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Command economy

In a command economy economic decisions are made on behalf of the public by planners who determine what sorts of goods and services and how they are to be allocated. Although a command economy may include exchanges of money, these exchanges are less important in allocating resources than the central plan. Command economies are usually contrasted with market economies; a palace economy[?] may be regarded as a command economy floating on top of and supported by a subsistence economy[?].

A command economy is also different from socialism. It is possible, for example, to advocate large amounts of government intervention in the economy but within the context of a market economy.

Support for command economies

Supporters of planned economies cast them as a practical measure to ensure the production of necessary goods - one which would not rely on the vagaries of free markets.

Some advocates of a centrally planned economy (CPE) or an administrative command system (ACS) of the Soviet-type consider this form to have important advantages. First, the government can harness land, labor, and capital to serve the political and economic objectives of the leadership. Consumer demand, for example, can be restrained in favor of greater investment in capital investment for economic development channeled into desired pattern. For example, many modern societies fail to develop certain medicines and vaccines which are seen by medical companies as being unprofitable, but by social activists as being necessary for public health. The state can begin building a heavy industry at once in an underdeveloped economy without waiting years for capital to accumulate through the expansion of light industry, and without reliance on external forces of finance. Second, CPEs can maximize the continuous utilization of all available resources. Under CPEs, neither unemployment nor idle plants should exist beyond minimal levels, and the economy should develop in a stable manner, unimpeded by inflation or recession. Third, CPEs can serve social rather than individual ends; under such as system, the leadership can distribute rewards, whether wages or perquisites, according to the social value of the service performed. A planned economy, proponents argue, eliminates the dependence of production on individual profit motives, which may not in themselves provide all society's needs.

Objections to command economies

Critics of command economies argue that planners cannot detect demand with sufficient accuracy unless they take into account price signals. For example, in the Soviet Union, shortages were so common that anecdotes abound of citizens joining a queue and waiting hours to buy such as shoes. These shortages were due in part to commands given by the central planners to build, say, tractors instead of shoes, because the commands were not given to supply the shoe factory with the right amount of leather, because there was no real incentive for the shoe factory to obey what commands were given, and because that there was no real incentive to produce good shoes.

Critics of command economies also argue that is it possible to create unprofitable but socially useful goods within the context of a market economy. For example, one could produce a new drug by having the government collect tax and then spend the money for the social good. Furthermore, opponents of a command economy argue that market economies in fact allow society to evaluate the cost of social goods and choose rationally between different alternatives.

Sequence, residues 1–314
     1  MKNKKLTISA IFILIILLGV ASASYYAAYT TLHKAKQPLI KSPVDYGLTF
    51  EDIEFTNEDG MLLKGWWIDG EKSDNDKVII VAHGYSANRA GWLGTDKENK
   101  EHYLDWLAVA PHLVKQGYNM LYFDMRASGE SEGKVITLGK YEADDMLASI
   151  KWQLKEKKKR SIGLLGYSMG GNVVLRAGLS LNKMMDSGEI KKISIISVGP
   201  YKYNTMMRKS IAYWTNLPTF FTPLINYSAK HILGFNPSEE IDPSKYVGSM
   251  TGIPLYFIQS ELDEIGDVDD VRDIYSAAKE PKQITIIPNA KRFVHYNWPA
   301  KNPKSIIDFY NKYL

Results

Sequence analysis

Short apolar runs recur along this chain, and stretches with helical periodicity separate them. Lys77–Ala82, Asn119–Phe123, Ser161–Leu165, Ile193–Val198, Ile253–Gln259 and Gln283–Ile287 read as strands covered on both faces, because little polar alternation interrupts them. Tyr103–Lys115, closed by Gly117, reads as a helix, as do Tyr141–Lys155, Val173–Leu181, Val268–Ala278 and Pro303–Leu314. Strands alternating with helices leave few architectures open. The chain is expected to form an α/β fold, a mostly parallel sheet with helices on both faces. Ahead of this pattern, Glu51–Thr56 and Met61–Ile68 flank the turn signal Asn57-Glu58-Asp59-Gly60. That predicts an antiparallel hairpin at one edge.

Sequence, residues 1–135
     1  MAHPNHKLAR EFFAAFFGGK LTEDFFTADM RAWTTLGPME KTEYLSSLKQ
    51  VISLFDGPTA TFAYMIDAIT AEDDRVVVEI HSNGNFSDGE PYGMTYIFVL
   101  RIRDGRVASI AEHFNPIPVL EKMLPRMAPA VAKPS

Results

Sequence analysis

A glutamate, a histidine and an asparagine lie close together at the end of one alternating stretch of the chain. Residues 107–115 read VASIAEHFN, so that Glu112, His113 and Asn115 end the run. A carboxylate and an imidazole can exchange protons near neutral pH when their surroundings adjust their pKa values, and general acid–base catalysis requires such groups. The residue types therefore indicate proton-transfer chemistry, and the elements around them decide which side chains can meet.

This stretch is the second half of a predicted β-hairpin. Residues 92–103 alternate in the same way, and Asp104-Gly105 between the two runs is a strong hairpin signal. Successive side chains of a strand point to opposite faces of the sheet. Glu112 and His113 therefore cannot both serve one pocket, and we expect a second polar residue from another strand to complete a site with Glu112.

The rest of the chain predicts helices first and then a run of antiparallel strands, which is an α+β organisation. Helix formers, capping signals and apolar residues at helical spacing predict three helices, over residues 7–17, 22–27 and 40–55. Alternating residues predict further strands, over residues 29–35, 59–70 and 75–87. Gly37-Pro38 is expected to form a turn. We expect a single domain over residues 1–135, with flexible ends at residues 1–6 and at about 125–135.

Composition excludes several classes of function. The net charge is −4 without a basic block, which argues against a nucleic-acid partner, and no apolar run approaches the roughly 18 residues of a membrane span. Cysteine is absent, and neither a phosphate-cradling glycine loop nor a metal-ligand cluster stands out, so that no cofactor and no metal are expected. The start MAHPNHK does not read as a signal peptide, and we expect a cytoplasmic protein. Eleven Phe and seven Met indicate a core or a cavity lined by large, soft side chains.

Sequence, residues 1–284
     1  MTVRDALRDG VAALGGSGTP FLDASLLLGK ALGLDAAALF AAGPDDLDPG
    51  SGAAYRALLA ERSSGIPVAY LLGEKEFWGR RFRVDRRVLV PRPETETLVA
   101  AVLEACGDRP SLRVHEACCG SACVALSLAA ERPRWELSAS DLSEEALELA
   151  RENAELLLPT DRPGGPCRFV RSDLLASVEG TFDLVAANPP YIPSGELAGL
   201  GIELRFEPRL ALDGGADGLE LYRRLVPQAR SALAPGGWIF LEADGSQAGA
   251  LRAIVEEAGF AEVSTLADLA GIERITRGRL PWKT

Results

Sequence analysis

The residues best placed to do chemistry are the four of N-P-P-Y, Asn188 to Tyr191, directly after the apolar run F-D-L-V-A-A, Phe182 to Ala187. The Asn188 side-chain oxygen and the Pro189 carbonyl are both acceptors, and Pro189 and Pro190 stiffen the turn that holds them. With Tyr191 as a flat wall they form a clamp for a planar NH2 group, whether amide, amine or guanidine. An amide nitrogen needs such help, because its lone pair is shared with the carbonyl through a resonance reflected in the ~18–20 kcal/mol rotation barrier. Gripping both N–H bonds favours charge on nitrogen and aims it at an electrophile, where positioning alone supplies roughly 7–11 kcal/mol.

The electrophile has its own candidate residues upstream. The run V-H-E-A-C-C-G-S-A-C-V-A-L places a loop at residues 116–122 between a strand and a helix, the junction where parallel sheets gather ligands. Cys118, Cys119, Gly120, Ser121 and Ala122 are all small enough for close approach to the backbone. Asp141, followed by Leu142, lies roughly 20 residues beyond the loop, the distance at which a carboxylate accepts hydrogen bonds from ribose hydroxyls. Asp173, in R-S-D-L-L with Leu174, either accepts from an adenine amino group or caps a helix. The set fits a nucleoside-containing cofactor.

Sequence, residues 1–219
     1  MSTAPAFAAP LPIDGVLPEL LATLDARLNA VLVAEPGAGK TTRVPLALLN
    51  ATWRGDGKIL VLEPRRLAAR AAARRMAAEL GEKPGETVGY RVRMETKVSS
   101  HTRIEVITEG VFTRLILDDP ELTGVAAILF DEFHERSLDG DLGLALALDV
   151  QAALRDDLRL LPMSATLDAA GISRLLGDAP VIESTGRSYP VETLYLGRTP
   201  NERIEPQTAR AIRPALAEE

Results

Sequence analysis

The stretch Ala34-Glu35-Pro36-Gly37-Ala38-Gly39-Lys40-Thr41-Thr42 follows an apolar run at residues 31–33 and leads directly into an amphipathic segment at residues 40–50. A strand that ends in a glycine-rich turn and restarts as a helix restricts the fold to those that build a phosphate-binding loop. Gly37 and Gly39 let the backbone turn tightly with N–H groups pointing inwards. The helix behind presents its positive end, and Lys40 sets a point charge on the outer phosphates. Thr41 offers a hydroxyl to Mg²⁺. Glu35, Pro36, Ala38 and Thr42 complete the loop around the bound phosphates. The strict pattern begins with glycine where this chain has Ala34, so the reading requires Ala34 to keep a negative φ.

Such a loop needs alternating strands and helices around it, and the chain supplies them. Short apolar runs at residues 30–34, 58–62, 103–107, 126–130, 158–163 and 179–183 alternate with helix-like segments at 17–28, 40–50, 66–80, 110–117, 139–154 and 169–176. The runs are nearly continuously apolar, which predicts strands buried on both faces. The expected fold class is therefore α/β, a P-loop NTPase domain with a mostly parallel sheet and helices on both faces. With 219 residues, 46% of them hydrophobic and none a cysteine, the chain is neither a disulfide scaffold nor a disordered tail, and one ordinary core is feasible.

Finally, critics of a command economy point out that a command economy requires a state which intervenes highly in people's personal lives. For example, if the state directs all employment then one's career is determined by the state. If goods are allocated by the state rather than by a market economy, then one cannot for example, move to another location without state permission because one would not be able to acquire food or housing in the new location. This creates enormous opportunities for corruption and favoritism.

Some have used criticism of command economies as a means of objecting to socialism. However, many socialists have pointed out that socialism in Western Europe occurs in a context of a market economy and not a command economy. Indeed the People's Republic of China terms its own economy a socialist market economy.

In the late-1970s and early-1980s, it became obvious to the leadership of both the Soviet Union and China that the command economy was not producing higher standards of living and there were efforts in both countries to shift to a market economy. However the shift from a command to a market economy proved to be difficult especially since there were no theoretical guides for how to do so. It is generally believed that China largely succeeded in converting to a market economy by first creating a pricing system and encouraging people to enter the market and start new businesses and carefully structuring the transition so that no one would be worse off under a market economy than a command economy and that some people would be much better off. By contrast, the Soviet Union's transition was much more problematic and Russia has yet to generate the high rate of sustained economic growth that China has.

See also gift economy, palace economy[?] and subsistence economy[?].

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